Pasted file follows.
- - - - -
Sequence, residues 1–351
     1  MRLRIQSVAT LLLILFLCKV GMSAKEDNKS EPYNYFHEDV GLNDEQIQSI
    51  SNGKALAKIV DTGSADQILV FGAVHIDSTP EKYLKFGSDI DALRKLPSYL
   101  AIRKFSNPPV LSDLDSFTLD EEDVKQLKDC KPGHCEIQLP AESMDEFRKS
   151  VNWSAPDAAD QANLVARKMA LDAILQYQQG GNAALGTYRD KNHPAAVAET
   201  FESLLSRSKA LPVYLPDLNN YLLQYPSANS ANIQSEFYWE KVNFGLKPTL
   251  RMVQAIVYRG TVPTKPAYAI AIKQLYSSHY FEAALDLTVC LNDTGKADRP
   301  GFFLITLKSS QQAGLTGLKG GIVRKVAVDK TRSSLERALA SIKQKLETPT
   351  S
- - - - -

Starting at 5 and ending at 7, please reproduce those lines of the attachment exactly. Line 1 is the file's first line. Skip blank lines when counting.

   151  VNWSAPDAAD QANLVARKMA LDAILQYQQG GNAALGTYRD KNHPAAVAET
   201  FESLLSRSKA LPVYLPDLNN YLLQYPSANS ANIQSEFYWE KVNFGLKPTL
   251  RMVQAIVYRG TVPTKPAYAI AIKQLYSSHY FEAALDLTVC LNDTGKADRP